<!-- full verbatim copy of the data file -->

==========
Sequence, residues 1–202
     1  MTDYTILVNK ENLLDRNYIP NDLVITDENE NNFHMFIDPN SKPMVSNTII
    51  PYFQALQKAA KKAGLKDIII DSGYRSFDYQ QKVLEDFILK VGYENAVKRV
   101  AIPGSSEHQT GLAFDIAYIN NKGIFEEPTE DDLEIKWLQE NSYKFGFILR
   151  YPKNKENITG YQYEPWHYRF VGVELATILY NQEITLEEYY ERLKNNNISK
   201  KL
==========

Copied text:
Sequence, residues 1–202
     1  MTDYTILVNK ENLLDRNYIP NDLVITDENE NNFHMFIDPN SKPMVSNTII
    51  PYFQALQKAA KKAGLKDIII DSGYRSFDYQ QKVLEDFILK VGYENAVKRV
   101  AIPGSSEHQT GLAFDIAYIN NKGIFEEPTE DDLEIKWLQE NSYKFGFILR
   151  YPKNKENITG YQYEPWHYRF VGVELATILY NQEITLEEYY ERLKNNNISK
   201  KL